The Genworth New to Canada Program and other Mortgage Insurance Products for Newcomers
Newcomers to Canada CMHC and Genworth insured financing is available to borrowers with permanent and non-permanent residence status, I help newcomers to realize their dream of homeownership in Canada.
The Program Features
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The New to Canada Program Requirements Include
- Down Payment: 35% is the required minimum down payment from one’s own resource. Down payment must be available in a Canadian Bank account prior to the Mortgage funding. Down payment cannot be in the form of a Gift and proof of funds for 90 days prior to financing is also required.
- Proof of Income: To prove income, a letter of employment from your current employer confirming length of time at the company, your annual salary including bonuses and confirmation that you are not on probation and your salary, are required. A recent paystub will also be necessary.
- Proof of Credit: If a Canadian Credit bureau is not available to you, than an international credit bureau or letter of reference from the bank you currently deal with, should suffice.
- Some lenders will require a year’s worth of Mortgage payment in a Canadian bank account before they will approve.
Benefits to Newcomers
- Access to Homeownership – Newcomers to Canada that have permanent residence status can purchase a home with as little as 5% down payment.
- Competitive Interest Rates – Access to CMHC insured financing, and as a result, competitive interest rates from many banks in Canada.
- Availability – Coast-to-coast-to-coast with no set maximum loan amount.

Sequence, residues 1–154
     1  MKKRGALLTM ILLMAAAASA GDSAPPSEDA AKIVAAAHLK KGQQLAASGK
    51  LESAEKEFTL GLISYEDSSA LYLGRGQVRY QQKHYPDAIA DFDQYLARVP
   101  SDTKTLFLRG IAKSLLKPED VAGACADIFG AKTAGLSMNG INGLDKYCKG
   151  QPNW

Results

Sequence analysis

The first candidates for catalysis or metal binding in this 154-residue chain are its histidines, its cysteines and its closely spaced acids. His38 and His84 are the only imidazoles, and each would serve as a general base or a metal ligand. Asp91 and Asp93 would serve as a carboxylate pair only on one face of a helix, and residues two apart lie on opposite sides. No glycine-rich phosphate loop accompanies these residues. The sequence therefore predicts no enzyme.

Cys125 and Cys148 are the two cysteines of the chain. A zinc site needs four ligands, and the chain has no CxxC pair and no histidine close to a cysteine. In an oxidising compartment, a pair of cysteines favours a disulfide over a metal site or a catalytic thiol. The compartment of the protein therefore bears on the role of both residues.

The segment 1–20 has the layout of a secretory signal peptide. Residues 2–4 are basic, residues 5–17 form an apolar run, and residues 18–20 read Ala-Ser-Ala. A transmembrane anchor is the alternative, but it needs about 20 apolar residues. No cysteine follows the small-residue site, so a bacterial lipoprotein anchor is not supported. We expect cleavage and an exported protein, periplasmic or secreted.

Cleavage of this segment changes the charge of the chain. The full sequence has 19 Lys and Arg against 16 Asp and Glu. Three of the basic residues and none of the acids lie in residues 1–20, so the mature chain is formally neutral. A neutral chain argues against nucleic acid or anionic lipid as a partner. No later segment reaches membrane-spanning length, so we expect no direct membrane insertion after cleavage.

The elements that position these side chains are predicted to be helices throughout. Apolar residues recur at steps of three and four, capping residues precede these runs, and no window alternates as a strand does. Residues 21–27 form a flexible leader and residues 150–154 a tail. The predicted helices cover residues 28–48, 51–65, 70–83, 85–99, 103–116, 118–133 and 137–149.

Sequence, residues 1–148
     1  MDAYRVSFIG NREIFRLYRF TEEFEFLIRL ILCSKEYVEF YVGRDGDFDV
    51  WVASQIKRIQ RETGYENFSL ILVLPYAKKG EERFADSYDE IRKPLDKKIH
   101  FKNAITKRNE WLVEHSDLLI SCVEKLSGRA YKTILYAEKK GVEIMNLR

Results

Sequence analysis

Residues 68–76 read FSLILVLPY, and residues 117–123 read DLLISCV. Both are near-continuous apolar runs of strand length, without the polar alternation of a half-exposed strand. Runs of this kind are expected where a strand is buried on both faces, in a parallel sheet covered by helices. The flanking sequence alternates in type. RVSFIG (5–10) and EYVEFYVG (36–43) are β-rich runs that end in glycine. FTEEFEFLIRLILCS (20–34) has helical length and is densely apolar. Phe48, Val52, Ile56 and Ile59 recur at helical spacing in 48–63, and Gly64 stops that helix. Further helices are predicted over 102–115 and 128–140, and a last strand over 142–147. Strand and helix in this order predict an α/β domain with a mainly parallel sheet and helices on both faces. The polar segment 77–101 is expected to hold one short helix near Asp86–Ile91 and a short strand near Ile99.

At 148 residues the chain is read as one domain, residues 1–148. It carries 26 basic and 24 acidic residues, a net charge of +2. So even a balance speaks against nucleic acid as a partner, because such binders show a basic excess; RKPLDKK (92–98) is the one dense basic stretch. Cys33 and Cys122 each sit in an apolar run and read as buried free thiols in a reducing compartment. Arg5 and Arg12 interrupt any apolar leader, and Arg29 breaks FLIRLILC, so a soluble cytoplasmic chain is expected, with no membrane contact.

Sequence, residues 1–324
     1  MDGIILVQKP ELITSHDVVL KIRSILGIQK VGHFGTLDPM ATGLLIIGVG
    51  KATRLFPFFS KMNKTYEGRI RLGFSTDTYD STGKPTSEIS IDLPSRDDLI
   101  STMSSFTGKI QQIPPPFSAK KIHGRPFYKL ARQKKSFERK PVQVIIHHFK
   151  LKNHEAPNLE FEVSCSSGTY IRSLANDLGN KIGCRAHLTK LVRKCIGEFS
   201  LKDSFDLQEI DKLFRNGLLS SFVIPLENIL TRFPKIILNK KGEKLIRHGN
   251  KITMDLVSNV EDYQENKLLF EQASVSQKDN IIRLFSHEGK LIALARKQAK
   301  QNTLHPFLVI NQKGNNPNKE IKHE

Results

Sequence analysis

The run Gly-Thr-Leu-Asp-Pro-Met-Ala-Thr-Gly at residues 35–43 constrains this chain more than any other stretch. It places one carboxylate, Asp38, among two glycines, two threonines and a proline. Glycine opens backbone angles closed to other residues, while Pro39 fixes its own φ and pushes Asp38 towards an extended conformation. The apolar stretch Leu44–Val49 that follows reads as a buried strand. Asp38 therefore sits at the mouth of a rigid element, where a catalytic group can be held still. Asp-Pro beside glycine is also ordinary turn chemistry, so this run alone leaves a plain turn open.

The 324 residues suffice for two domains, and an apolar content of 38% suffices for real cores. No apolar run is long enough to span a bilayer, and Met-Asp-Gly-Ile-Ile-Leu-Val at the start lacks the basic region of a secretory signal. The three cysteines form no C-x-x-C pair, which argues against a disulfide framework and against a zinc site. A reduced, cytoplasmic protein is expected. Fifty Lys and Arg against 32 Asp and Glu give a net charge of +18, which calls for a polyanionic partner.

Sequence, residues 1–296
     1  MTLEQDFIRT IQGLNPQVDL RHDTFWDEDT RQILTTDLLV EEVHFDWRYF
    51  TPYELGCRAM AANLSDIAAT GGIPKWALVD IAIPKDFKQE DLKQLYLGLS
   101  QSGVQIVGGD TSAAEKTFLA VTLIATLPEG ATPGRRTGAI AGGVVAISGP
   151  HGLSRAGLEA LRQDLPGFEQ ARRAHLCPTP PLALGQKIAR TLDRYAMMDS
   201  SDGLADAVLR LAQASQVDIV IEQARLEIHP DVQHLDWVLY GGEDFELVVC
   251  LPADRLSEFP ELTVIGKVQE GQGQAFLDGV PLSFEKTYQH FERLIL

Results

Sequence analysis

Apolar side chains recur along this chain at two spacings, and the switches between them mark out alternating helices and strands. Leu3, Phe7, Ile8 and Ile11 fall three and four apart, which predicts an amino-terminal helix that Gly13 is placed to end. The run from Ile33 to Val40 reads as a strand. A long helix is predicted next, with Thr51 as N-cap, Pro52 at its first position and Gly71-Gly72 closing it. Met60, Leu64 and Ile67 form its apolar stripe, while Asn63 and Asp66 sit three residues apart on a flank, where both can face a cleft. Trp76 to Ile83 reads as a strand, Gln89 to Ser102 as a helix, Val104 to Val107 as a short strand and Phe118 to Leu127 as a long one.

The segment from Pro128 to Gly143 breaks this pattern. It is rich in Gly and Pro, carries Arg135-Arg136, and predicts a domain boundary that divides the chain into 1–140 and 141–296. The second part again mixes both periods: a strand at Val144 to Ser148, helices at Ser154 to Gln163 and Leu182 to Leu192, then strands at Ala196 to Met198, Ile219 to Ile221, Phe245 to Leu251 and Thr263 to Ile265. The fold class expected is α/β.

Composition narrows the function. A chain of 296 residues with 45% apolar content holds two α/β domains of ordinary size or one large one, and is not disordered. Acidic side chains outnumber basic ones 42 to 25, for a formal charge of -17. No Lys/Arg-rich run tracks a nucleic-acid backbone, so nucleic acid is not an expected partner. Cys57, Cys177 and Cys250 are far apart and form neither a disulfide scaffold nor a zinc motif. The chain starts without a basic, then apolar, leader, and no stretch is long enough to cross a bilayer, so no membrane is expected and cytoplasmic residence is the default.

Nonresidence lending is a program for Canadians living abroad and non-Canadian Citizens that wish to purchase a property in Canada. This is specifically meant for a non-resident mortgage in Canada.
However, it is important to note that various lenders have restricted lending areas, and in some cases, certain lenders will not lend under this program.
Newcomer Mortgage Insurance FAQs
What are the new CMHC Rules?
With permanent resident status, newcomers to Canada have access to mortgage insurance, with a minimum down payment starting at 5%.
At least one borrower on the mortgage must have a minimum credit score of 680. If you have a limited credit history in Canada and don’t have a credit score from another country, it is possible to provide other sources of payment history. Examples of other sources are rent payments or three other types of payments from things such as utilities, TV subscriptions, childcare expenses and insurance payments. They will want documentation for the previous 12 months.
Down payments cannot be borrowed from other lenders but need to come from savings, the sale of another property or a financial gift from a relative that don’t have a repayment obligation.
What is Mortgage Default Insurance?
This is mandatory insurance in Canada for mortgages with less than a 20% down payment of purchase price. This insurance serves to protect the mortgage lender in case the borrower defaults on the mortgage.
While this often adds 3-4% to the cost of the mortgage, it allows many people to get homes faster rather than saving for a 20% down payment and also increases the security of lenders so that they can offer lower mortgage rates than they would if the mortgage market was more risky.
Who offers Mortgage Default Insurance in Canada?
There are currently 3 companies that offer mortgage default insurance:
- The Canada Mortgage and Housing Corporation (CMHC) – This is a crown corporation that is more or less the government providing an option for mortgage default insurance. The CMHC is often the main insurance people consider for Mortgage Default Insurance, but there are two private companies worth considering as well.
- Sagen (previously called Genworth Canada) is the largest private mortgage insurance provider in Canada. They have a number of programs and will likely come up on your radar if you’re looking at mortgage insurance.
- Canada Guaranty was formed in 2010 through the acquisition of another mortgage insurance company to become the only 100% Canadian-owned private mortgage insurance company. As the CMHC made their requirements for mortgage insurance stricter in 2020, both private providers declined to do so. As such, you’ll likely see good options from one of these two private providers even if you get declined from the CMHC.